GROW Facts

As if it is the most normal thing in the world, you walk into a supermarket and buy several affordable products from all over the world and from all seasons. One product looks even better than the next. But where do all these products come from? How are they produced? And what should you pay attention to when you buy something?

Fair food distribution worldwide

When you buy a pack of cookies in the store, the ingredients in the cookies have already travelled a long way. A gigantic number of products is being produced, traded, processed, and shipped worldwide every day. Small farmers, plantation owners, factory owners, stores, and traders all have to earn a living from these products. But also big corporations with a lot of power have financial interests.

Food (un)certainty. We, the consumers, often do not know how the products that we buy are being produced or what ingredients they contain. Small farmers produce most of our food supply, but they have few rights and receive little pay. People used to be able to grow their own food, but big corporations have disrupted the balance—frequently with the support of governments. Our food supply is, therefore, maintained by the food uncertainty of small farmers.

Soy and palm oil

Soy oil and palm oil belong to the most widely used vegetable oils. More than half of the pre-packaged foods that are available at the supermarket contain these oils! Soy and palm oil are produced in large quantities, which causes many problems. Rain forests are being cut down to grow plantations, and stealing land is still a common practice. To eradicate these problems, Round Tables for soy and palm oil have been founded.

Round Tables: In the Round Tables, producers, stores, factory owners and NGOs (charities) collaborate to make production sustainable. They give certificates to corporations that make a difference. Those companies are allowed to call their products ‘sustainable.’ In The Netherlands, companies want to limit use to socially and environmentally responsible palm oil and soy! One concern, however, is that regular check-ups need to be conducted on the companies that received a certificate from the Round Tables.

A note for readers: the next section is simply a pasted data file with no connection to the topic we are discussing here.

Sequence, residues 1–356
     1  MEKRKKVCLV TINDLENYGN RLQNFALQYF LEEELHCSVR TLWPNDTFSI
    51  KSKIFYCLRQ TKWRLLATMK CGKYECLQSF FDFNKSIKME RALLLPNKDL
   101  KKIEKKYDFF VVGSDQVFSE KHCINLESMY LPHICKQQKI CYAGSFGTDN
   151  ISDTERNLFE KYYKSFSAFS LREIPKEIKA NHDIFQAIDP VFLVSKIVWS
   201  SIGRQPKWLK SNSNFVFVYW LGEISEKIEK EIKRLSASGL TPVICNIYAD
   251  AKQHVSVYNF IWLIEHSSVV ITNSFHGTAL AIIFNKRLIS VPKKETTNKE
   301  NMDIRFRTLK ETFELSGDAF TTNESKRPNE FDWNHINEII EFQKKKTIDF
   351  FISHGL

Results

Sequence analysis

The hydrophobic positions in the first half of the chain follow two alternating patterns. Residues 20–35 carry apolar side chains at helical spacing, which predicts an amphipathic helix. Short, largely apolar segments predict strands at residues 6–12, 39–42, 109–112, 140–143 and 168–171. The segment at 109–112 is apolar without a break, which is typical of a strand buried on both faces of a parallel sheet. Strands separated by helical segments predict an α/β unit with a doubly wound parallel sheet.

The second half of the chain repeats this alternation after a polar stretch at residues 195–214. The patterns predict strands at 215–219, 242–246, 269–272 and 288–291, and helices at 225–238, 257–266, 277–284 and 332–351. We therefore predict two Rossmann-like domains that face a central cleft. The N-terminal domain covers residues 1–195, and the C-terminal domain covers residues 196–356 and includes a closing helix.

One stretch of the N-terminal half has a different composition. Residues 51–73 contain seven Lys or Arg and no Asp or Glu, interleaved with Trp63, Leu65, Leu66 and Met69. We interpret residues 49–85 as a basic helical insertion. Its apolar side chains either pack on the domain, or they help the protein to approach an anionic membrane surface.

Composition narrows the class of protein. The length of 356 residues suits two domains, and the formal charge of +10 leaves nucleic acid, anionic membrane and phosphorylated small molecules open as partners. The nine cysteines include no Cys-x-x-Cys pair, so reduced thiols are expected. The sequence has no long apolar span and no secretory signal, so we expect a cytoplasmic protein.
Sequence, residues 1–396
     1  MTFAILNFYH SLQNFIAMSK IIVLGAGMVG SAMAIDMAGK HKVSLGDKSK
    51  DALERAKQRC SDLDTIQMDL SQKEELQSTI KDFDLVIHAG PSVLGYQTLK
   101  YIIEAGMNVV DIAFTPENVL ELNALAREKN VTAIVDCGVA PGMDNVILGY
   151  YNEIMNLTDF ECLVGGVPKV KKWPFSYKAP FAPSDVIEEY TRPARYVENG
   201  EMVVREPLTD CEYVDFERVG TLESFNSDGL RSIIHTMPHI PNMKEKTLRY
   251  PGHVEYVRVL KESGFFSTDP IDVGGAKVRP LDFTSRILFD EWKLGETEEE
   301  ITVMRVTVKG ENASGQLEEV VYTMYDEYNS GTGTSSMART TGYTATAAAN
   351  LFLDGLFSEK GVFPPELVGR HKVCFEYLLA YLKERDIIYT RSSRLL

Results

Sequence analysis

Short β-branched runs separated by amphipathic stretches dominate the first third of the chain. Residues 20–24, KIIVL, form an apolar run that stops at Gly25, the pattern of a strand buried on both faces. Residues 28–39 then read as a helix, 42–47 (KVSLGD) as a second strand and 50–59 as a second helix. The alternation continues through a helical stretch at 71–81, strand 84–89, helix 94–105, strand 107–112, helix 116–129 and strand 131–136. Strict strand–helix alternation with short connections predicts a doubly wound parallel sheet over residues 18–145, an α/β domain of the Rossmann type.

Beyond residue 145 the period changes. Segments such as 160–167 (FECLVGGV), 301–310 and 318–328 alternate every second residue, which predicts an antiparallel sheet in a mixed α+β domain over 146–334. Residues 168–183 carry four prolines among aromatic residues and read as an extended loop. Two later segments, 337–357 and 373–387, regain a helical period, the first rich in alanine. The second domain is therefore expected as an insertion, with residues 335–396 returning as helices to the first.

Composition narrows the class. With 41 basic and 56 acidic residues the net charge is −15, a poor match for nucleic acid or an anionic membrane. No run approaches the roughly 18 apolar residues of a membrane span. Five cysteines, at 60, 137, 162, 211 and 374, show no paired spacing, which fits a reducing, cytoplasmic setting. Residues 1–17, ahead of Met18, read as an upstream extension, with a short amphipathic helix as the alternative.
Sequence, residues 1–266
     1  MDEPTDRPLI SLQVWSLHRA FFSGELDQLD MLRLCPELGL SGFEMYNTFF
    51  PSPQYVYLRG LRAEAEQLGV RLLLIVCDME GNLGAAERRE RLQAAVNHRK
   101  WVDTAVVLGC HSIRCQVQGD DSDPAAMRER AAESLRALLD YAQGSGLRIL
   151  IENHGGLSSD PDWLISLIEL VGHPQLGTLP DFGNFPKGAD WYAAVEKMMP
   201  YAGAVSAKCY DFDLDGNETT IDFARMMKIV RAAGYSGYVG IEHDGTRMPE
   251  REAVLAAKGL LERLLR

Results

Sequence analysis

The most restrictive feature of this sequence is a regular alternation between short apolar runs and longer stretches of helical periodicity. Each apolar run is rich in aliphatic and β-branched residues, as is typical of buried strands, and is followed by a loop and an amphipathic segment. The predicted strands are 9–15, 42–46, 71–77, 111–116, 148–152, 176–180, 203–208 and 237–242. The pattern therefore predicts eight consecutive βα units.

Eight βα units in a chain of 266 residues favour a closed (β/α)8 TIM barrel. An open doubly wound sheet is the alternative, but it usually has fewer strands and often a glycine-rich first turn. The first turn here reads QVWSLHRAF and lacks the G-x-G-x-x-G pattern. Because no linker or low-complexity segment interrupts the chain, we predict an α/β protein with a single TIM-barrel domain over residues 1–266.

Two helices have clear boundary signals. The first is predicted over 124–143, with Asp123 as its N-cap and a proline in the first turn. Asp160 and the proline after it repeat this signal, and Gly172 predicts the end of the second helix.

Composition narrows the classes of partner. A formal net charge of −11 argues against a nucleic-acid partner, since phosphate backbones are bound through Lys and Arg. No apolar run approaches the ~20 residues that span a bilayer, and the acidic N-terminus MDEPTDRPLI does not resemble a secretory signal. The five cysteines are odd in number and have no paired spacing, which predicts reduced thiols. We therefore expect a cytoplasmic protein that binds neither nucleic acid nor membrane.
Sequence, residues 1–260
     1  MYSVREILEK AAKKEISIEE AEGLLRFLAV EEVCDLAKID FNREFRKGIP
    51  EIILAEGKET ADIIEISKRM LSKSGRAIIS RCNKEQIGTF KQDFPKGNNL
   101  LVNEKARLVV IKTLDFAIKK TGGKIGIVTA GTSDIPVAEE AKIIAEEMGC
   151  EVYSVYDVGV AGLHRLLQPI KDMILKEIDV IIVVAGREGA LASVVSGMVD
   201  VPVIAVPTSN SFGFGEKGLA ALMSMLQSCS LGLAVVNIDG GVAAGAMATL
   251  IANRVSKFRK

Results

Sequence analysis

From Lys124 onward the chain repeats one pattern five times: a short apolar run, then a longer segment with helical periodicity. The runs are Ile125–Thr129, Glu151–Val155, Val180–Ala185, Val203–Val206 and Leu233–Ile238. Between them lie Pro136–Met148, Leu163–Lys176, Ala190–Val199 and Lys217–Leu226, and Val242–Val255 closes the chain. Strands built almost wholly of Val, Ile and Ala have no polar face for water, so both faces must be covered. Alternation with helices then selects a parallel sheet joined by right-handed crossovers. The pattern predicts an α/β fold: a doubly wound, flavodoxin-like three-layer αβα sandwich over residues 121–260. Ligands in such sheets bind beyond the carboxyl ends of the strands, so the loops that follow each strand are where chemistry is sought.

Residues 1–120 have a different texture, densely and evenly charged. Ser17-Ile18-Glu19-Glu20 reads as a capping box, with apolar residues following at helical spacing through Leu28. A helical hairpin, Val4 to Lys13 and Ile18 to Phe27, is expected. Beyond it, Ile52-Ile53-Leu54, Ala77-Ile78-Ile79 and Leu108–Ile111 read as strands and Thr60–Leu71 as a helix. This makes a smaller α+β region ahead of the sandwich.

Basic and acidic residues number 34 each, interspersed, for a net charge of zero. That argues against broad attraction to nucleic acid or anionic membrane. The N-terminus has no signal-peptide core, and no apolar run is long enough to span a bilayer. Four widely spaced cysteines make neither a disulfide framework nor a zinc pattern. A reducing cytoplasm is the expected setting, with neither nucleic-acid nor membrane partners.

Take action!

Fortunately, you can take action against the unequal distribution of food! What can you do?

Vote with your shopping basket: Corporations want you to buy their products. If you let them know that you prefer to buy sustainable products, they will listen to you. The client is king!

Do not throw out food: In The Netherlands, oneadult typically throws out 50 kilos of food a year. It is a waste of food and money! Be mindful with your food.        

Eat less meat: Sausages, hamburgers, hot dogs … they are delicious but not environmentally sustainable. Farm-animal food is frequently made of soy. To grow soy, an immense number of rain forests are cut down, and small farmers lose their land. Besides, you need 5 kilo of vegetable food (soy, farm-animal food) to produce 1 kilo of meat.     

Campaign Show your standpoint! Most people are unfamiliar with the problems surrounding food production. You could spread the knowledge that you now have to other people and encourage them to take action! You could also try to pressure governments or large corporations to support environmental sustainability. Together we are strong! Join the worldwide Oxfam Novib’s GROW Campaign with Clips for GROW!

Big Corporations

In Brazil, for instance, 1% of the landowners own 50% of the land. As a result, almost 5 million farm families do not own any land. In addition, big plantations destruct the natural environment.

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Foof (Un)certainty

We can speak of food certainty, when all inhabitants of a particular country have access—at all times—to enough safe and nutritious food to live active and healthy lives.